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Northeastern professor uncovers oldest Japanese American film

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(Ronald W. Erdrich/The Abilene Reporter-News via AP)
ADVANCE FOR MONDAY AUG. 22 - In this Aug. 5, 2016 photo, Movie reels and old films left over from the Old Texas Theater's years as a movie house sit on display in a cabinet within the Ballinger venue in Ballinger, Texas. Things have been up and down for the Old Texas Theater over the years. Now, the venue is coming back once again.

For 108 years, “The Oath of the Sword,” a 1914 silent film released by one of a handful of Japanese American film companies, has gone unseen by audiences. Tucked away in the archives of Rochester’s George Eastman Museum, the only remaining print of the film was collecting dust–until Denise Khor discovered it.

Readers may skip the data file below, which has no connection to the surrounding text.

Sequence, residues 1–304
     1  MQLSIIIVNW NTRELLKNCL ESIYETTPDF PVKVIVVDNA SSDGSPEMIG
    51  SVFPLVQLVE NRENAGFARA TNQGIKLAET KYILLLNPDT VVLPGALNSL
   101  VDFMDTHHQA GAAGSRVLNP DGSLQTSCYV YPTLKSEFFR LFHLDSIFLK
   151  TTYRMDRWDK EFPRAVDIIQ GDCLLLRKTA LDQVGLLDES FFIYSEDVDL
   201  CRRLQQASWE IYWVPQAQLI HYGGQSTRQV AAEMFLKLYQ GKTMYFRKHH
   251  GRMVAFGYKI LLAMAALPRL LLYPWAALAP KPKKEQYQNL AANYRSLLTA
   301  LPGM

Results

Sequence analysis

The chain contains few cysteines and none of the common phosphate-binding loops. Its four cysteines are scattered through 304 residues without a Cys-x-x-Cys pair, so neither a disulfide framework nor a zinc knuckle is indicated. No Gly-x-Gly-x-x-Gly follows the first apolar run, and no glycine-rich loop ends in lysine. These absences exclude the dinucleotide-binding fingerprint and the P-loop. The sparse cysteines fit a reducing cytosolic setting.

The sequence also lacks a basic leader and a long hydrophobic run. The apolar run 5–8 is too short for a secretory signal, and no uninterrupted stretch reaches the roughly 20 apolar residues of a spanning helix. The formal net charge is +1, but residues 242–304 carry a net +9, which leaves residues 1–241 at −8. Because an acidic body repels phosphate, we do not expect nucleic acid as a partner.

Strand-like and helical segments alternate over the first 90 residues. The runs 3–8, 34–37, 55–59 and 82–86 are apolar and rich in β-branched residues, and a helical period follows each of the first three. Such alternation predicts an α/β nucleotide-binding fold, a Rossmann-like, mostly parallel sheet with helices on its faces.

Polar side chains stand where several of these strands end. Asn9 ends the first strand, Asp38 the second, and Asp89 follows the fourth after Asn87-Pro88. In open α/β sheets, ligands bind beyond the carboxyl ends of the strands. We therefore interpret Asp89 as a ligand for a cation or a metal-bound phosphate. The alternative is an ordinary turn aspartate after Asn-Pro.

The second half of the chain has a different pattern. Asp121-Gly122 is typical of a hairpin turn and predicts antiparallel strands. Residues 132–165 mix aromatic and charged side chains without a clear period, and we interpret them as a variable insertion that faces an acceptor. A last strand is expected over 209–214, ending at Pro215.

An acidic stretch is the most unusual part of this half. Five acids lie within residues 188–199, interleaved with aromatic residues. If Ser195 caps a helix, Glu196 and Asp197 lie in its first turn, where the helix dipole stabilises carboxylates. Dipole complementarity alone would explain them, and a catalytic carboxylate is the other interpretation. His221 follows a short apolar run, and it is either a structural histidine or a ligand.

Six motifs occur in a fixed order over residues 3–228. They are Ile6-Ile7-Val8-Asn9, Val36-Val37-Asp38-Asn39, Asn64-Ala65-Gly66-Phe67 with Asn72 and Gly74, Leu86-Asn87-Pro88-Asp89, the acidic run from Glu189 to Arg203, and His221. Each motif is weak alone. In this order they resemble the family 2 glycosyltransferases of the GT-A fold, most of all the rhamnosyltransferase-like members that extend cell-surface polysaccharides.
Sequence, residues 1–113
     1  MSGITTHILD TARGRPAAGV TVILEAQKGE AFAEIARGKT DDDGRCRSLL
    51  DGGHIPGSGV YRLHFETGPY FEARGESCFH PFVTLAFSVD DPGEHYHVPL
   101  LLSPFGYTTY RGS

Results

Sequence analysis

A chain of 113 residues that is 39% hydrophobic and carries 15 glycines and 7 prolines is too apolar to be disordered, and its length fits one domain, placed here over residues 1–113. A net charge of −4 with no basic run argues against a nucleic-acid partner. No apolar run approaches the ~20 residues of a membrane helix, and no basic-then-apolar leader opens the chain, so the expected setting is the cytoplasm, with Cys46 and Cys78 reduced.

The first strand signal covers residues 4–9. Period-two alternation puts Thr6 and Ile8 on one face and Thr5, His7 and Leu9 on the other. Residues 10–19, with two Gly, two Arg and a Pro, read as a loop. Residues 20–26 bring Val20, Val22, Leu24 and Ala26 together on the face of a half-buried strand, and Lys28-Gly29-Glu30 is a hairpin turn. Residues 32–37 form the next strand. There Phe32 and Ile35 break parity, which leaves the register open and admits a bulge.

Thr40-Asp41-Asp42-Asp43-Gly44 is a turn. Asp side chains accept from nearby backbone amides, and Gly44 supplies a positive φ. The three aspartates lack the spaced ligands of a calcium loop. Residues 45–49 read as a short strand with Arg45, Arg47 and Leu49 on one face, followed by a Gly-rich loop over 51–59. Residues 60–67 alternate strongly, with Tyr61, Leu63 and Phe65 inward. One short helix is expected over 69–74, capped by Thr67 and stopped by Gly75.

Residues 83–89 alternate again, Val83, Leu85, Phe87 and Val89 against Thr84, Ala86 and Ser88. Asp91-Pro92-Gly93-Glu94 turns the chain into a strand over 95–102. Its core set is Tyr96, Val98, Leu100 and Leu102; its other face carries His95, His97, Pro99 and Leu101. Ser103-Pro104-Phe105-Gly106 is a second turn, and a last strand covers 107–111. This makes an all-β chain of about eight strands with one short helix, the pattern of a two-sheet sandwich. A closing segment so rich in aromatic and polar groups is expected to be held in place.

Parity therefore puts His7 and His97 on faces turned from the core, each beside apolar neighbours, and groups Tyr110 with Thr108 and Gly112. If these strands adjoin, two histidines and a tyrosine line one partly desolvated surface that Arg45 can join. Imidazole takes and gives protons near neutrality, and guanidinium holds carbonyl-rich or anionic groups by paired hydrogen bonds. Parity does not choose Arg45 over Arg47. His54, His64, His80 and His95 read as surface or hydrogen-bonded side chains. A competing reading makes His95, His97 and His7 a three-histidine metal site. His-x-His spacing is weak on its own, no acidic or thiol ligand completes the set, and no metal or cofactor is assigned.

Now, thanks to Khor, a Northeastern associate professor of Asian American and visual studies, the film–potentially the oldest Asian American film on record–is being restored and will, for the first time in 108 years, return to the screen. Although it’s only stretched across three reels and 30 minutes, the silent drama reveals the untold story of an entirely alternative network of film production at a time when the medium was just getting started.

Continue reading at News@Northeastern.

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